I recently came down with a bit of the summer flu and as a result had a very sore throat and being up in front of people that expect you to then talk for a good few hours every day was something that was not helping. This got me thinking, which consequently led to this write-up, as to how to speak as little as possible, if at all during a lesson.

I have read one or two posts before about how to get through a whole lesson without speaking at all. I have tried some of those methods and while they are a challenge and definitely get your mind thinking creatively, they can tend to be quite awkward, especially with the lower level English learners. – I will add, however, that if you haven’t tried to do a silent lesson (no Teacher Talk Time at all) then it is definitely worth a try at least once just to experience something different, you never know, it might work out amazingly.

I also find that students, any students; young, old from beginner to advanced, need variation in the classroom and not just with the materials. As a teacher it is your responsibility to make sure that the students are captivated, if they still don’t want to listen that’s a story for another day, but I think a lot can be said about the amount of power a teacher has in the classroom.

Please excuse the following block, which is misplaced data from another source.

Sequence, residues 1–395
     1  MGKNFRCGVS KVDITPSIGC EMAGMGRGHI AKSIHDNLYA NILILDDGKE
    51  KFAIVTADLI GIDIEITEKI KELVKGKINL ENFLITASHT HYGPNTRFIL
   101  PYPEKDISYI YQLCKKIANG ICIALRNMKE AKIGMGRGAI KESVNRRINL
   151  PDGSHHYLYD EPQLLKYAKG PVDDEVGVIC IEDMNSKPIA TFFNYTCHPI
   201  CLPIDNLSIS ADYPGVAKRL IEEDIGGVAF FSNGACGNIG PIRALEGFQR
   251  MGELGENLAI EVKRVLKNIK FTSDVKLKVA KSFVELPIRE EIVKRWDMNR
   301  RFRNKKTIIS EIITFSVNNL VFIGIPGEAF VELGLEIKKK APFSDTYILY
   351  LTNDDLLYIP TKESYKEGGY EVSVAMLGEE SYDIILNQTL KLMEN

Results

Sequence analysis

There is a lot on the grand old internet with regard to Teacher Talk Time and how to reduce your amount in the classroom.

Here are just some of the sites I found;

The last one in that list above also comes with a list of activities that you can do in the class and provides some ways of thinking about speaking less and less in the classroom.

One benefit they all mention, which is the obvious side-effect of the teacher speaking less, is that the students then need to fill that silence and it is surprising how, with a little encouragement, students open up and you start listening to them as opposed to the other way around.

It turns out getting sick wasn’t so bad after all.

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